Pitendo NES Emulator


A couple of years ago my original Nintendo Entertainment System stopped working – the pins in the machine had worn out and wouldn’t recognize the games. I found a used game store in my neighborhood that had a new head of pins, so I replaced the part, which worked for a while but ultimately this set of pins also wore out.

Lucky for me, this was around the time I was getting into Raspberry Pi projects, and doubly lucky for me, emulating old console games is one of the most popular uses of Raspberry Pi. With a software package called RetroPie, you can emulate games from dozens of systems, including NES, SNES, Sega Genesis, Gameboy, arcade games, and more. Frankly, installing the RetroPie software on a Raspberry Pi is so easy to do, it’s worth the $50-ish cost of getting all the parts. You probably can’t find an actual functioning NES for that price anymore.

Using the following resources, I built my own Pitendo console:

I also bough a few cheap USB SNES controllers from Amazon. Also, the Pitendo wasn’t complete without this sweet 3D-printed case.

My Pitendo uses a Raspberry B+, and some of the more graphically intensive games like Starfox and Yoshi’s Island don’t function. But the B+ is already a few Pi models behind, and others have had good results with those (and even Nintendo 64 and Playstation games) on the Raspberry Pi 3 and the latest version of RetroPie.

I wouldn’t consider myself a “gamer” by any means. The most recent system I own is the Gamecube, which came out 13 years ago. I just wanted a way to play those old games without having to buy a new console every few years. With the Pitendo and an 8MB SD card, not only can I play the old NES games I had, but I can find and store thousands of classic and undiscovered games from all kinds of systems.

Here are my top ten favorite games I’ve been able to emulate on Raspberry Pi. Some are old favorites, some are new discoveries, but all have successfully prevented me from writing numerous blog entries:

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Piplanter Reboot


Even robots need a little motivation every once in a while. My Piplanter was no exception.

Nine months after I first booted up my JG Piplanter (which is still keeping itself updated hourly here and here), the system is growing a fresh batch of basil, which should be ready just in time for summer. But for a while there, things got a little dodgy, and I was worried the experiment had entered its end stage.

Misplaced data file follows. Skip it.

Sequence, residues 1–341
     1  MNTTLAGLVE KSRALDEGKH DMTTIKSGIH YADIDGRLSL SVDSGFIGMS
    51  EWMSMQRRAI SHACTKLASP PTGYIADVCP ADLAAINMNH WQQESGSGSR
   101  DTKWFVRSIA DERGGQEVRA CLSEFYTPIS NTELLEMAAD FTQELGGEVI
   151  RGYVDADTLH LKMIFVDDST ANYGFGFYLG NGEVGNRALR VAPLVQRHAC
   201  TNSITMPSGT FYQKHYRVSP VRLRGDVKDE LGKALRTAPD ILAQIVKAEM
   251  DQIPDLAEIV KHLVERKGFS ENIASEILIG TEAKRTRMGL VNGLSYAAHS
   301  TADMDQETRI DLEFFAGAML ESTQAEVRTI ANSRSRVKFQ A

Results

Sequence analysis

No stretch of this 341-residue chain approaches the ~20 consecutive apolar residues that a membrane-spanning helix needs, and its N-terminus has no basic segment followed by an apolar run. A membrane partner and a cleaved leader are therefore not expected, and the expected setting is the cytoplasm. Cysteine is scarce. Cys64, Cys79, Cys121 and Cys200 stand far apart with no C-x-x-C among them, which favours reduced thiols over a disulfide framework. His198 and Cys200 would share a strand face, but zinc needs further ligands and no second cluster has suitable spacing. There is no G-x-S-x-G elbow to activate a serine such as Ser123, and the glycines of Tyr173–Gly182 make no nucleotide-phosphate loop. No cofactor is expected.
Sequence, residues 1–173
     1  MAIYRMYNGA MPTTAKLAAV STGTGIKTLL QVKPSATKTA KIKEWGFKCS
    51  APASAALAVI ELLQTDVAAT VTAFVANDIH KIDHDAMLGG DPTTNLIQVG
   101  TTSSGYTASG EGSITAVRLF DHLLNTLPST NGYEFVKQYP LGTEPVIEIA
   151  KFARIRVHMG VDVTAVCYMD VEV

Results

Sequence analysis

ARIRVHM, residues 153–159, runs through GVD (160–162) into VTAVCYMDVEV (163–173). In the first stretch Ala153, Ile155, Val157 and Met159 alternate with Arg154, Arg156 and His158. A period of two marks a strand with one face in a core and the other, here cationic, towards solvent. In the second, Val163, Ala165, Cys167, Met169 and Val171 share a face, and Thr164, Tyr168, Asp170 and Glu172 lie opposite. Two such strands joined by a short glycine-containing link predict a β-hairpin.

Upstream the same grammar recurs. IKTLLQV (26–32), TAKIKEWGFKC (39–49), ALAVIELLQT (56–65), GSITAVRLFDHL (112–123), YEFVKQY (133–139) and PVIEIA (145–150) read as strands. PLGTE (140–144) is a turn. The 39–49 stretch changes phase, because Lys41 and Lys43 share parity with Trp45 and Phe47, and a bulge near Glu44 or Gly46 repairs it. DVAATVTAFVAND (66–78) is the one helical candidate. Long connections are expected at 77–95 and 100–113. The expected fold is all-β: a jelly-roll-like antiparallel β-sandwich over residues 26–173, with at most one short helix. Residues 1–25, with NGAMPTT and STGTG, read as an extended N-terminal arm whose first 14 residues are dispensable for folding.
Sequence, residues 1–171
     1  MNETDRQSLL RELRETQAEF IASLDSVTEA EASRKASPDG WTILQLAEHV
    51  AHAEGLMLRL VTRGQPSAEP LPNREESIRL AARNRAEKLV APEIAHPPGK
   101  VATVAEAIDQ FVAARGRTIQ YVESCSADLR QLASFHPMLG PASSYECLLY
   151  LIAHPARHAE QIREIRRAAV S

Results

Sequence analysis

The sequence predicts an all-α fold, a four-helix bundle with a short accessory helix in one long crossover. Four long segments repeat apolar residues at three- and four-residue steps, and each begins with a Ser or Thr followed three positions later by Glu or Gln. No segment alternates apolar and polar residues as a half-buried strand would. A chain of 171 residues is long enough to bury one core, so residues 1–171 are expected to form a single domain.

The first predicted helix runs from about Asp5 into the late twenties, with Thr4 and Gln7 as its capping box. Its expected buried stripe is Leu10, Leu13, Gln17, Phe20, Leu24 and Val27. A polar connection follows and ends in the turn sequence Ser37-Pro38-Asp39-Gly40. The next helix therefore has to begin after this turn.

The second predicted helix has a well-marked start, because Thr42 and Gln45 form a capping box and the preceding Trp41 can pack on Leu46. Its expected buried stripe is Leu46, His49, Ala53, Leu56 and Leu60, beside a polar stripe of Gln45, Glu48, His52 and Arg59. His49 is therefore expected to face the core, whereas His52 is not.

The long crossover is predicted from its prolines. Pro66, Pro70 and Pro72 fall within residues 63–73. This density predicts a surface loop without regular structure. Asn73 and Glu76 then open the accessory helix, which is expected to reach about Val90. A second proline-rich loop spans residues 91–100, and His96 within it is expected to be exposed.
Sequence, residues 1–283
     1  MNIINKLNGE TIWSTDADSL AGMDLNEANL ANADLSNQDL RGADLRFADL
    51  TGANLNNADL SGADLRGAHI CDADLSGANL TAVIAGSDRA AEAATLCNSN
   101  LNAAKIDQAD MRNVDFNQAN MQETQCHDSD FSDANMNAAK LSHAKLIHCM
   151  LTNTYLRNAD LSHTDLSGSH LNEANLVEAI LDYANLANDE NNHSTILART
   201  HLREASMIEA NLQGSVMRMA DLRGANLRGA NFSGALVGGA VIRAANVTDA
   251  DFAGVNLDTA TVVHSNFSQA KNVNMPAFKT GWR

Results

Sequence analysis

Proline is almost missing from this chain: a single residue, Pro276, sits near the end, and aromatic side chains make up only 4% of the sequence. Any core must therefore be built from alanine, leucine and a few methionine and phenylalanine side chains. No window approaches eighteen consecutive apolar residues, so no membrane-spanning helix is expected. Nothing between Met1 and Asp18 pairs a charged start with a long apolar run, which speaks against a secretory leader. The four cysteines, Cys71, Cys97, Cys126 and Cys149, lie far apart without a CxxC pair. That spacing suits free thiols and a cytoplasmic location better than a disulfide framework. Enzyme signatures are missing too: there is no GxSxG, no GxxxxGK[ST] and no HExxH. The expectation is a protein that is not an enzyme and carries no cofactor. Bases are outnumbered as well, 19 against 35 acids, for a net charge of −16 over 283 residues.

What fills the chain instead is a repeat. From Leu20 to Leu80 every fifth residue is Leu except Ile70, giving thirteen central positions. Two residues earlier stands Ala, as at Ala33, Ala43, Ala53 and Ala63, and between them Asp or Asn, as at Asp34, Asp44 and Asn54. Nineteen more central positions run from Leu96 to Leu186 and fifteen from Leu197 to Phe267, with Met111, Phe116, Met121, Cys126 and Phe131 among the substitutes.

For starters, some of the basil plants were collapsing practically overnight. I was concerned they were being shocked by the moisture sensors, or that they weren’t getting enough water. Yet even after adjustments, plants continued to wilt and die unexpectedly. As it turns out, some of the basil seeds had brought in a fatal fusarium wilt. Bad news. All of the plants and soil would have to go, and the entire planter needed sterilization.

piplanter2_tall20160404 No problem, I thought. This would give me a chance to replace the moisture sensors, which had rusted down to nearly nothing, and to redesign the irrigation system, which wasn’t doing a great job of evenly watering the plants. Over a couple days in January, I cleaned and rebuilt the system.

But there was another issue – we moved. I actually managed to transport the Piplanter completely intact (in a moving van, and down and up two flights of stairs). But its new location was in a room and location with 50% less sunlight. Not to mention, the dark days of December starved the plants of light, even with the grow lamp on 12 hours per day, and the winter months made this drafty room about 15-20 degrees colder than the previous spot.

At first, the refreshed planter shot up seedlings, but all of them died in about a month. I think the cold had a lot to do with it, because many of them shot up quickly but never grew any bigger.

In addition, it took a little while to work the kinks out of the new watering pattern. At first the pressure was way too low. I had drilled holes that were too big, and the water just dribbled down the sides of the bin. So I installed new tubing with smaller holes, which now sprays water across the full length of the planter from both sides (I even sprayed myself in the eye while testing it).

Finally, I updated the Pi software so that I could SSH into the system and control it remotely. That is, I no longer need to haul a flat screen TV monitor and keyboard into the room every time I need to access the system. I can simply remote in from my laptop. I know this is pretty run-of-the-mill stuff to most tech people, but it was a first for me, and made working with the PiPlanter so much easier.

I replanted once more, this time with about twice the seeds. I also switched to new varieties of seed, including a mini mounding basil variety. With a little help, the seeds have a started again, and as the days grow longer and warmer, the new plants look a little bigger and happier each day. Now I’m keeping my fingers crossed that the wilt stays away and we will soon be back to a regular supply of basil to feed our addiction.

Check out new photos and a recent video below!

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Introducing the JG PiPlanter


Well, it’s been about seven months in the making, but it’s finally alive: my PiPlanter.